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VOL. 122 | NO. 199 | Friday, October 19, 2007

New Festival To Replace, Build On Arts in the Park

By Rosalind Guy

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THING OF THE PAST: This scene from a South Main Art Trolley Tour night in May 2006 shows an interactive lights display on the tops of buildings. The exhibit was called "Inside/Out." -- Daily News File Photo

Mid-Southerners next week will have the opportunity to take part in the first RiverArtsFest, an event put together by some of the former organizers of the now-defunct Arts in the Park annual event.

The free three-day festival begins Oct. 26 from 6 p.m. to 9 p.m. and will take place in Downtown's historic South Main Arts District. The event coincides with the area's regular South Main Art Trolley Tour, which takes place the last Friday of every month.

Organizers anticipate between 8,000 and 10,000 people will show up for each day of the festival, said RiverArtsFest director Carol Watkins. Watkins previously served as a committee member for Arts in the Park.

She said it's been a few years since the last Arts in the Park was held, but Watkins and others felt there was a need for something like RiverArtsFest to celebrate artists and arts in the community.

"We knew that people were really missing Arts in the Park and that Memphis needed to have a fine arts festival," Watkins said. "All great cities have fine arts festivals ... the Cherry Creek Arts Festival in Denver and the Coconut Grove Festival in Miami ... Memphis needs that."


Esthetic sensibilities

Watkins said the arts district is growing and gaining attention on a daily basis, so it just makes sense to bring something like the RiverArtsFest to the area.

The festival will include an invitational art exhibit at the Jay Etkin Gallery, a juried fine arts exhibition in Central Station's Great Hall, a juried artists' market with more than 150 artists from around the country, as well as other art-related activities.

RiverArtsFest

Friday, Oct. 26, 6 p.m. to 9 p.m.
Saturday, Oct. 27, 10 a.m. to 6 p.m.
Sunday, Oct. 28, 11 a.m. to 5 p.m.
Admission Free
Contact: 482-1399
www.riverartsfest.org

Jay Etkin, owner of the gallery named after him at 409 South Main St., also was a member of one of the Arts in the Park committees. As a staunch supporter of Arts in the Park, he said he encouraged the transformation of the former festival to something that could be held on South Main.

The new festival will benefit business owners in the area as well as vendors selling products during the festival, he said.

"Even if a gallery has no particular event going on, just by being (in the South Main Arts District), they're going to get lots of traffic. And that is obviously very positive exposure from a crowd of people who are at least interested in the arts," Etkin added.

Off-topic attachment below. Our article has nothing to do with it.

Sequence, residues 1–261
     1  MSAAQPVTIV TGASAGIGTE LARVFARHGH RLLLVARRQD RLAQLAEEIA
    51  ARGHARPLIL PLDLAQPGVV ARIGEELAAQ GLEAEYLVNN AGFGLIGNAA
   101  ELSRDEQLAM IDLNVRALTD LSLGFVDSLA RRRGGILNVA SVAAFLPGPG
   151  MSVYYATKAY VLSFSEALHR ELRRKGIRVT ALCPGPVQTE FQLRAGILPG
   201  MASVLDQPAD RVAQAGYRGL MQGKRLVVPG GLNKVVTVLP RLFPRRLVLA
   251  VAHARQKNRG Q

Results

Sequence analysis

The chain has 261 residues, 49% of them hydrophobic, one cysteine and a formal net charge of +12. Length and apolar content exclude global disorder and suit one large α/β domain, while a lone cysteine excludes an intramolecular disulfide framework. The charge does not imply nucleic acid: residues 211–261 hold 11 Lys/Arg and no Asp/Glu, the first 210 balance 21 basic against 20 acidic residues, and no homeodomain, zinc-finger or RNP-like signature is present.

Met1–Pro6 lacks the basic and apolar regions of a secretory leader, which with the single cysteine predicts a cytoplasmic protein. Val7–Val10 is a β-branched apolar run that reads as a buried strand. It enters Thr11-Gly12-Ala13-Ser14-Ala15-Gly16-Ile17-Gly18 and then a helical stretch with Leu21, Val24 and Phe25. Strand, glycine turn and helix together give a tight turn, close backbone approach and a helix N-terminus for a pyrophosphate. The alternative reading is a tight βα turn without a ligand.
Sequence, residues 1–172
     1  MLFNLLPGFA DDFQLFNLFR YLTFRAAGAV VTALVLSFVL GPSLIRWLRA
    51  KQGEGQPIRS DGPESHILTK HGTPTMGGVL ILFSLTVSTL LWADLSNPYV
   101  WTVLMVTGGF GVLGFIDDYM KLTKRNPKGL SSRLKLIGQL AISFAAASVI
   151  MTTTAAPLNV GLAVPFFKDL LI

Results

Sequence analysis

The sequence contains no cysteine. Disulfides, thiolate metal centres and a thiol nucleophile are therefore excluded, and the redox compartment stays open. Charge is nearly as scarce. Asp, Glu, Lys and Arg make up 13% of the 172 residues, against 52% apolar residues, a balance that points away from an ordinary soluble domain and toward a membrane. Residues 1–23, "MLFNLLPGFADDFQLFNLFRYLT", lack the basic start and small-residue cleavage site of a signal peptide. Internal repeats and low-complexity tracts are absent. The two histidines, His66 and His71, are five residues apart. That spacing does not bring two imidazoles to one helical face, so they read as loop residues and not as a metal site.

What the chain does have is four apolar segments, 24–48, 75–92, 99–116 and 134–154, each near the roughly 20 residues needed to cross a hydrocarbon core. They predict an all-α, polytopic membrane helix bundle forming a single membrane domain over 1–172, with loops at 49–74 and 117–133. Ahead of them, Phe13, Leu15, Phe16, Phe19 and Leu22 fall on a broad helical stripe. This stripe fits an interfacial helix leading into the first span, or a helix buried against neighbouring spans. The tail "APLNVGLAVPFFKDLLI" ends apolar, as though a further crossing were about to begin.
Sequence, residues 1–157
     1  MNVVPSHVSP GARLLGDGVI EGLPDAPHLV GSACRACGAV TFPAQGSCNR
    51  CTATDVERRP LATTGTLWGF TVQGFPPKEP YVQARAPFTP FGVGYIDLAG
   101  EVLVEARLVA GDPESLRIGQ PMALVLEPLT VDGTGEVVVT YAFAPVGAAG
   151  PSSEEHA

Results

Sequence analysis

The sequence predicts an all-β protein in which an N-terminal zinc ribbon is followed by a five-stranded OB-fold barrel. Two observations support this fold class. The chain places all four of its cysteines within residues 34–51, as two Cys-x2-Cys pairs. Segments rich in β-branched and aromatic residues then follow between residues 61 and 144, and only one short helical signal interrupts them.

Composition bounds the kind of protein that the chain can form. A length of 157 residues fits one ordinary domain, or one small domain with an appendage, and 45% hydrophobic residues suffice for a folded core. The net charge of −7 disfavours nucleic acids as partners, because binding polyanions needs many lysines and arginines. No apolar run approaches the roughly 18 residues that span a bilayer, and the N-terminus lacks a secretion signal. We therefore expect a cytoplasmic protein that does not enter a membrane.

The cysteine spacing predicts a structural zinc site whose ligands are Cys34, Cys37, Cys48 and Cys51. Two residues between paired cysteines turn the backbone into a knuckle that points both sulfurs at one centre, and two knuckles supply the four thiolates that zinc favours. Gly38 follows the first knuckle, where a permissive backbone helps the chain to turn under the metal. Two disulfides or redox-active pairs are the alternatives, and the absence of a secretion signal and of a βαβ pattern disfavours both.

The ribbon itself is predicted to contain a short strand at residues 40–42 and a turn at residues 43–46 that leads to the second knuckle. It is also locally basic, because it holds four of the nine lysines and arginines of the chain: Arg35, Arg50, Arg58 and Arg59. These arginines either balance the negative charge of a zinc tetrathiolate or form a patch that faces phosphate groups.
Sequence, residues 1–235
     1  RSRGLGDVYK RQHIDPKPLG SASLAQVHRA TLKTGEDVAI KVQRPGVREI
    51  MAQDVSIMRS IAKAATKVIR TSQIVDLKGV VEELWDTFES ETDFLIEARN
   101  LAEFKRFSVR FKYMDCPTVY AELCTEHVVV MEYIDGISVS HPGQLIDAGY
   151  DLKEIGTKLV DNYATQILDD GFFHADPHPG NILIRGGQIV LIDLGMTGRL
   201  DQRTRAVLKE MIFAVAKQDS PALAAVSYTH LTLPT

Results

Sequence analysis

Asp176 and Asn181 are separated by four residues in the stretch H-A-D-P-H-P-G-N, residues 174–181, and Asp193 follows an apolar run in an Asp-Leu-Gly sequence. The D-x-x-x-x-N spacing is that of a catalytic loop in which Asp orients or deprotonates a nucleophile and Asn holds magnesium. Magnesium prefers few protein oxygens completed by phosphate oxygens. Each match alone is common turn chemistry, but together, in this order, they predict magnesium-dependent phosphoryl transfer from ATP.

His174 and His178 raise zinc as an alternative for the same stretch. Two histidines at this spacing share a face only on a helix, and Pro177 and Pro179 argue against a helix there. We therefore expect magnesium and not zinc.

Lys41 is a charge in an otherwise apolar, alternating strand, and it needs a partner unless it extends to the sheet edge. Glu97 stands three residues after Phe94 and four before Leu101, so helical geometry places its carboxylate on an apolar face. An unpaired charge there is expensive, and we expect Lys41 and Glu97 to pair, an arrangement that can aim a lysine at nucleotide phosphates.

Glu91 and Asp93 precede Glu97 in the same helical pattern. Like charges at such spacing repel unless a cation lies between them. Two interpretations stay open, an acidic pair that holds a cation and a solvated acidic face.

"We get big crowds sometimes and they're interested in just maybe a street event or a party or a social experience, but this really is more geared toward an art audience. And those are the people that we need down here; we need their support to make this neighborhood work."


Money isn't the object

RiverArtsFest, the nonprofit organization holding and promoting the new event, will derive little financial benefit from the festival, Watkins said.

She predicted the nonprofit agency would make about $10,000 or less. And the money it does raise will be put into an account for next year's festival.

"We're putting on this festival with money from sponsors and so the money that we make at the festival is going to be nothing, really nothing," she said. "We're operating under the tradition of Arts in the Park and that philosophy. We are supporting the arts - that's our whole goal, so we are not a money-making proposition."

Coors Brewing Co. and Stanford Financial Group are the event's main sponsors. So the nonprofit organization will make money from beer and wines sold during the event, but food vendors and artists involved in the artists' market will keep all the money they generate.


Off the beaten path

One of the big advantages to having the arts festival in the historic district is that many of the exhibits will take place on the pavement, instead of on grass or inside some of the galleries in the district, organizers said.

"When we were involved in Arts in the Park, mud would sometimes be an issue (at different venues)," Watkins said. "Or dust if it doesn't rain. You know, there's all sorts of issues that come from being on grass. So to be able to have it on the city streets was a real plus for us."

Etkin said he's optimistic there will be a big turnout for the festival and that people will have a good time.

"And I'm optimistic too, of course, that we'll have great weather," Etkin said. "I think in general we're heading for that cool, comfortable end-of-the month weather."

Watkins said RiverArtsFest committee members expect this to become an annual event that will always take place during October.

"We are really committed to growing this festival over the next five years to be a signature event for Memphis," she said.

To find out more about the RiverArtsFest, visit www.riverartsfest.org.

RECORD TOTALS DAY WEEK YEAR
PROPERTY SALES 0 133 1,342
MORTGAGES 0 131 1,047
FORECLOSURE NOTICES 0 19 170
BUILDING PERMITS 0 305 3,056
BANKRUPTCIES 20 118 736
BUSINESS LICENSES 27 53 329
UTILITY CONNECTIONS 0 0 0
MARRIAGE LICENSES 0 0 0